Review: Lady Christina – Series One

Review by Doctor Squee (Host of Gallifrey Stands Podcast)

After last being seen flying into the night sky on a London bus in Doctor Who on TV, Lady Christina (Michelle Ryan) is back in her own series.The Lady gets into all sorts of adventures in this ambitious first set. She is accused of murder when her liberating of jewellery crosses paths with a thief turned murders work in John Dorney’s ‘It Takes a thief’.

Then in James Goss’s ‘Skin Deep’ she meets with Donna’s mum Sylvia Noble (Jacqueline King) and introduces her to high society where a new beauty product may have a higher cost than imagined and Christina meets with her Dad.

In ‘Portrait of a Lady’ by Tim Dawson in South Africa Christina is embroiled in UNIT business and meets with UNIT elite Sam Bishop (Warren Brown) as they track down a painting with powers.

Finally she will try to break into Edinburgh castle; again getting messed up with what UNIT are up to and the latest plot from the Slitheen in ‘Death on the Mile’ by Donald McLeary.

This was always an intriguing character on TV and clearly had further to go. Probably inadvertently (or perhaps with a mind to bringing her back on TV) they left Lady Christina in the perfect position for further adventures. She had the flying London bus, which she now lovingly refers to as ‘the 200’, she was turned down for travelling with the Doctor so could still be a lone wolf and where as she is on the side of good in general, she isn’t tied to the Doctor’s strict moral code which offers a character where we aren’t sure what they will do. It’s an interesting point to pick her up at. And Michelle Ryan herself was born to play the part. She is sexy, smart, decadent and as is the order of the day a great, empowered female character.

The stories are all good. I particularly, as usual, loved James Goss’s. Involving Sylvia Noble is instantly a win. Without Donna around we get to play with her more likeable side and maybe see a little of why she is so hard on Donna, the Doctor and Wilf (Wilf spin off set next please!); seeing her want to be part of higher society and feeling so hurt when she might be rejected. Her reaction to the different aspects of Lady Christina are multifaceted. Also Lady Christina herself wanting to prove herself to her Dad (William Gaminara) and being so hurt that he doesn’t treat her as a daughter would want. A great piece of writing, built for great performances. That isn’t to do a disservice to the other stories. The first story by Dorney is a nice intro to the set and sets up something that suggest the stories might be going one way, but prove to go another. Having Sam Bishop as a running character through the stories and having him on his own as opposed to with a wider UNIT team brings out something new in the character and I think places him nicely to show up in future sets in this range. I’m not the biggest fan of the Slitheen but here they are handled nicely to bring out the best in the idea from that race.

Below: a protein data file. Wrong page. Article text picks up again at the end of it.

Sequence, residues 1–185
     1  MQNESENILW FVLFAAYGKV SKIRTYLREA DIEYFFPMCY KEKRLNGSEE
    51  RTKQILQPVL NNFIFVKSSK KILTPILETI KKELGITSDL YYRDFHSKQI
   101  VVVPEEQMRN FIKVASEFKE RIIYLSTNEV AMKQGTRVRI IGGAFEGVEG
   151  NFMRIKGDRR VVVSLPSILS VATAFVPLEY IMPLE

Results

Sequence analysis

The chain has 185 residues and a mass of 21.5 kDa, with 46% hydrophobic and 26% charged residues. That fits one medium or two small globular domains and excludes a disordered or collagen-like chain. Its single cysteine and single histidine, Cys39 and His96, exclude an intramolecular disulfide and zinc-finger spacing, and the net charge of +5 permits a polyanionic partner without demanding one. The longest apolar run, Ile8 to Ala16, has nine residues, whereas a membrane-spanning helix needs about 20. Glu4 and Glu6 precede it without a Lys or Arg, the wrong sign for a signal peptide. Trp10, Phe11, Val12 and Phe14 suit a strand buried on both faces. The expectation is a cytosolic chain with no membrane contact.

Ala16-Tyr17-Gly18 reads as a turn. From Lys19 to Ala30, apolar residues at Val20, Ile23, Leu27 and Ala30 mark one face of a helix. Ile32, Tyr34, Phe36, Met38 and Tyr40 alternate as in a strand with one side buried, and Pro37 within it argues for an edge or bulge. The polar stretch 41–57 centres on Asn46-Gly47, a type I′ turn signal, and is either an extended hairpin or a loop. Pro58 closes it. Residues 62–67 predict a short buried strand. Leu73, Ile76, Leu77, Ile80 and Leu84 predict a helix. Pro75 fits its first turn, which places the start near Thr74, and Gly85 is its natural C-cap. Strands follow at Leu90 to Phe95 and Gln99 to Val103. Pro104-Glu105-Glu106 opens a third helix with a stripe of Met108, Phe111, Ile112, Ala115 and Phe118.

The performances from all the guest cast are really good and a credit to the directing of Big Finish powerhouse Helen Goldwyn. I haven’t mentioned yet Matt Barber as the foppish, dim witted posh man Ivo Fraser-Cannon from the first story or Christopher Ryan returning to play a Sontaran under another’s influence. All these great performances giving nice texture to this world.

I’d like to see maybe a boxset next with an arc to really bed in the character some more, but as first outings go, this one works well and makes you want to hear that next set. 8/10.

Buy it now on CD or Download

Order from Amazon

Check out our Big Finish reviews!

Leave a Reply

Fill in your details below or click an icon to log in: Logo

You are commenting using your account. Log Out /  Change )

Google photo

You are commenting using your Google account. Log Out /  Change )

Twitter picture

You are commenting using your Twitter account. Log Out /  Change )

Facebook photo

You are commenting using your Facebook account. Log Out /  Change )

Connecting to %s

This site uses Akismet to reduce spam. Learn how your comment data is processed.